I supported those regulatory enhancements—including the revision to rule 1.22—because of the importance of the matter addressed in each: The safekeeping of customer money, which is the most sacrosanct duty that any financial institution owes to its customers. Today, the overall framework of regulatory requirements that registered FCMs must comply with is substantially different today than in 2011. For example, FCMs are no longer permitted to use customer funds for in-house lending through repurchase agreements; they are subject to restrictions on the types of securities that customer funds can be invested in; they must pass on customer initial margin on a gross basis to the clearinghouse; through LSOC (legal segregation with operational comingling) they must legally segregate cleared swaps customer collateral on an individual basis; and they were required to significantly enhance their supervision of and accounting for customer funds. As a result, the risks posed to customers funds stewarded by FCMs have been significantly reduced.
The recent customer protection rulemakings all were well intentioned, but indisputably carried some additional costs and burdens for both FCMs and their customers. The analysis was made at the time, however, that those burdens and costs were outweighed by the benefits to FCM customers, especially against the very recent backdrop of hundreds of millions of dollars of customer funds having been stolen, or tied up in a bankruptcy proceeding, for at least a period of time.
The release before us essentially re-weighs the cost or burden on one hand, and the benefit on the other, and comes up with a slightly different, but well supported, conclusion regarding the residual-interest requirement. The costs or burdens revisited in the release: (1) Uncertainty to the marketplace invited by a time-of-settlement compliance deadline that was subject to future review by the Commission staff, which suggested a change could come to the requirements, but might not; and (2) the anticipated costs to FCMs of having to finance the funding to top up their customers' margin deficits, or the cost to customers of pre-funding their margin accounts with FCMs. And the benefit at issue in the release: The value to an FCM customer of ensuring that its funds will never be borrowed by an FCM to cover another customer's deficit.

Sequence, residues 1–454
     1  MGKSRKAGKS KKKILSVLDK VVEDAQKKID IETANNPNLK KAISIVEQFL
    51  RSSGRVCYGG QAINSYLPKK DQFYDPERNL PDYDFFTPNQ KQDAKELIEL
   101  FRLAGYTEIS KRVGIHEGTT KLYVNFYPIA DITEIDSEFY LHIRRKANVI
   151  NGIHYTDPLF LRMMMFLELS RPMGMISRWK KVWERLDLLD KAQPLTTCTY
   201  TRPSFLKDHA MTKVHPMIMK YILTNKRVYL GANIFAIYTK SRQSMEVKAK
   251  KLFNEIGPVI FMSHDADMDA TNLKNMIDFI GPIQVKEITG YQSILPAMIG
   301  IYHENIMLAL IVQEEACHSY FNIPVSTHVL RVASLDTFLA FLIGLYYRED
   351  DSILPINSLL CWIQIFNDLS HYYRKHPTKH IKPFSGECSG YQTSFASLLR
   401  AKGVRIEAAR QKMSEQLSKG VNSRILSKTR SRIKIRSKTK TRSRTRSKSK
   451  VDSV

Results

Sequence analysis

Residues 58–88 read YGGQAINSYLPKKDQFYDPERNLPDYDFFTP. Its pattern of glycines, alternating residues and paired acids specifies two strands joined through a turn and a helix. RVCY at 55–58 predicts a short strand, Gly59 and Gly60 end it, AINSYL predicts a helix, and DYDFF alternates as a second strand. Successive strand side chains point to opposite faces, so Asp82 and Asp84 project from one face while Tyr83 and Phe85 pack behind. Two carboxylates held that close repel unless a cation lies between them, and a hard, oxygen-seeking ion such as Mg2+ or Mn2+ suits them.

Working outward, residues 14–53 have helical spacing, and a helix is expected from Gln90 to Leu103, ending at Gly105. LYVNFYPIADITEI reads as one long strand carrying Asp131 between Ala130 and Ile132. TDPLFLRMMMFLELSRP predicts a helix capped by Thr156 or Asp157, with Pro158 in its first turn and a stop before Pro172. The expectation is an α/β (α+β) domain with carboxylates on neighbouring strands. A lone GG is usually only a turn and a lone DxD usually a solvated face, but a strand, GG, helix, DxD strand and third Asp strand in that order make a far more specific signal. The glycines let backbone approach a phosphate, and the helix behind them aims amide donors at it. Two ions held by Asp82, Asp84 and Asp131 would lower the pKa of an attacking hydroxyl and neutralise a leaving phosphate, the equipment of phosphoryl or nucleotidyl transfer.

The inherent risk to this common practice by FCMs is that should an FCM become insolvent after it posts required margin to the clearinghouse, but before it collects margin deficits from all of its customers, the customers whose funds were used to cover a deficit might not see those funds again, or perhaps only after a protracted bankruptcy proceeding. This practice also is not technically compliant with how rule 1.22 is written, which prohibits FCMs from “using, or permitting the use of, the futures customer funds of one futures customer to purchase, margin, or settle the trades, contracts, or commodity options of, or to secure or extend the credit of, any person other than such futures customer.”
This final rule keeps the residual-interest deadline at the close of business on the day following the margin-deficit calculation and eliminates the future deadline of the time of settlement on the day following the margin-deficit calculation. The Commission staff is still required to perform a feasibility study to determine whether future, more aggressive residual-interest deadlines would be desirable.
The comment file overwhelmingly supported the change in today's final rule—in other words, commenters took the view that the potential costs associated with the 2013 residual-interest rule appear to outweigh the risk that some of their funds could be lost in the event their FCM becomes insolvent after the time of settlement, but before an FCM collects margin deficits. Indeed, the risk that an FCM becomes insolvent during this precise timeframe without some prior notice to its customers of financial stress at the FCM is very low. Notably, many comments supporting this final rule were filed by FCM customers, the constituency rule 1.22 is designed to protect, and who appreciate the aforementioned risk. The Commission must respect the comment process and the FCM-customer viewpoint that today's rule better balances the cost and benefits of rule 1.22.